About 300 interns from federal agencies, nonprofit groups and congressional offices will gather this evening on Capitol Hill to hear Sen. John McCain (R-Ariz.) and three young people working in the government extol the virtues of careers in the public sector.
The event is being sponsored by the Partnership for Public Service, which seeks to revitalize interest in federal careers. Research conducted by the group shows that many college students do not have access to information about federal jobs. When they do, they encounter an application process many describe as confusing and discouraging.
The partnership hopes that its event featuring McCain, a member of the group's board of governors, will help spread the word among students and young people about federal employment opportunities. After a discussion featuring employees from the Navy and Energy departments and the Environmental Protection Agency, recruiters from federal agencies will be available to talk with members of the audience about career options.
Internships, of course, are one of the best ways for young people to learn about how federal offices operate. Some intern programs, such as the government's Student Career Experience Program, permit agencies to offer full-time jobs to participants who prove themselves to be top-notch performers.
Last year, the Student Career Experience Program had 15,756 participants, and 19 percent of them were converted to permanent civil service jobs, according to data collected by the partnership.
That's a higher conversion rate than in previous years -- in 1995, for example, 13 percent were converted to full-time federal jobs -- and seems to indicate that agencies are beginning to do more to steer young people into federal careers.
"Agencies are starting to recognize that these student interns are a great source of talent. . . . They can basically skim the cream from that talent pool by using the conversion authority and making job offers to the best students," said John Palguta, a vice president at the partnership.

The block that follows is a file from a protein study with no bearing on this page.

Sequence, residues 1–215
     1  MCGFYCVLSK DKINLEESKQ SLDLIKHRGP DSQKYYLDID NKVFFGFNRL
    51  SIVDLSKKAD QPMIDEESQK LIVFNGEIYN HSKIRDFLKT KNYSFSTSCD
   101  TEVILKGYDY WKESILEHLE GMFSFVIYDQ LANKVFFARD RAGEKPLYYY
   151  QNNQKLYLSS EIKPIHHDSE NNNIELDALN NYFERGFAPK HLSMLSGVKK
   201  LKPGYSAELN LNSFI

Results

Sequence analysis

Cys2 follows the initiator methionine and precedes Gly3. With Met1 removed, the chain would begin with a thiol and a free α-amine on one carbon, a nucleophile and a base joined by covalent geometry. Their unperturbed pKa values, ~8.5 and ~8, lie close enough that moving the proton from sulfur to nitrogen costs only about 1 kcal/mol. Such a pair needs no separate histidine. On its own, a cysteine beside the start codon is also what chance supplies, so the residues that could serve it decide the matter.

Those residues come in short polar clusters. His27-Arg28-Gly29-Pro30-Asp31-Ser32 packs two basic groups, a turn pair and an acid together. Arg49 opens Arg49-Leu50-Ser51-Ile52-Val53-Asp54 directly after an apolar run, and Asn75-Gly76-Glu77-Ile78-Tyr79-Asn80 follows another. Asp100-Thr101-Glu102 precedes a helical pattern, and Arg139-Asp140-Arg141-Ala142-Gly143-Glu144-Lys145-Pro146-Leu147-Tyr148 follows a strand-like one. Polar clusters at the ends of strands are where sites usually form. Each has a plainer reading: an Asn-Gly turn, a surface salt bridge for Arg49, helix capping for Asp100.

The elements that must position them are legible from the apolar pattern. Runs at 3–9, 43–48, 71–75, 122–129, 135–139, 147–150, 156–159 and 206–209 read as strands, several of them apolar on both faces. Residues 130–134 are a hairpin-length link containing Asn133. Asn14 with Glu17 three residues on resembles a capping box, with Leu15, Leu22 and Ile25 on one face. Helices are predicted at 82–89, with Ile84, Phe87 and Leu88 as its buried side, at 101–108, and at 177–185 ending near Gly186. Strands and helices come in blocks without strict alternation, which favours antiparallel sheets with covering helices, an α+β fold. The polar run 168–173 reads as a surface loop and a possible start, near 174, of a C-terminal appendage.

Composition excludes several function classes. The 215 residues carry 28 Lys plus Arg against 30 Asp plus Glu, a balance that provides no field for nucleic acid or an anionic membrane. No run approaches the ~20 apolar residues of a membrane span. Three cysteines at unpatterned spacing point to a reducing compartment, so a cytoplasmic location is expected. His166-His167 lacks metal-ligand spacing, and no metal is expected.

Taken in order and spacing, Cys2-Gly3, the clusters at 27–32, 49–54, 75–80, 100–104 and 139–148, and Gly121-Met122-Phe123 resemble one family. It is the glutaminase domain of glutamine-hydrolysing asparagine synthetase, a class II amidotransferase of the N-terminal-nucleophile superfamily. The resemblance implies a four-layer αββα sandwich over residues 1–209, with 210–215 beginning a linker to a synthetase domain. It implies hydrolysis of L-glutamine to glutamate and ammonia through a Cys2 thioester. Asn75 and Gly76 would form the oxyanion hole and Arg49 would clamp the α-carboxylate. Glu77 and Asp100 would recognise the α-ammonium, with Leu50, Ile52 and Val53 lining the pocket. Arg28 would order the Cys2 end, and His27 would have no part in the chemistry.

Still, the government appears to lag behind the private sector in converting interns into employees. Palguta said studies by the National Association of Colleges and Employers show that 45 percent of interns land a job at the company where they interned.
To make it easier to hire students, the Office of Personnel Management is looking at how to revamp the federal Student Career Experience Program.
In a recent interview, Ronald P. Sanders, an OPM associate director, said the goal is to update the program and take into account other "rigorous work-study programs in federal agencies," such as the internships sponsored by the Hispanic Association of Colleges and Universities.
Currently, interns in the Student Career Experience Program must work 640 hours, or about 16 weeks, before they are eligible for conversion to a full-time federal job. OPM's proposal would permit interns in certain non-federal programs to count up to 320 hours toward their 640-hour requirement. In numerous agencies, interns sponsored by non-federal programs work side by side with interns in the Student Career Experience Program.
The proposal also would give 320 hours of credit to people on military, reserve or National Guard duty if their job training related to comparable civil service work.
Sanders said OPM also is considering proposing a "fast-track option" that would waive up to 320 hours for students in work-study programs who have a grade point average of 3.5 or higher "and demonstrate outstanding performance on the job."
In the partnership's view, Palguta said, "the use of paid student internships [is] a great source of talent" because agencies can evaluate interns during their on-the-job training. OPM's plans and the apparent upward tick in federal hiring of interns are "all movement in the right direction," he said.
Fixing Federal Hiring
Because of scheduling conflicts, OPM has changed the date for its next forum to help agencies streamline their hiring practices. The meeting will be held Aug. 3, the agency said yesterday.
Christopher Jahn, president of the Contract Services Association of America, will take questions and comments on "competitive sourcing" at noon tomorrow on Federal Diary Live at www.washingtonpost.com/liveonline.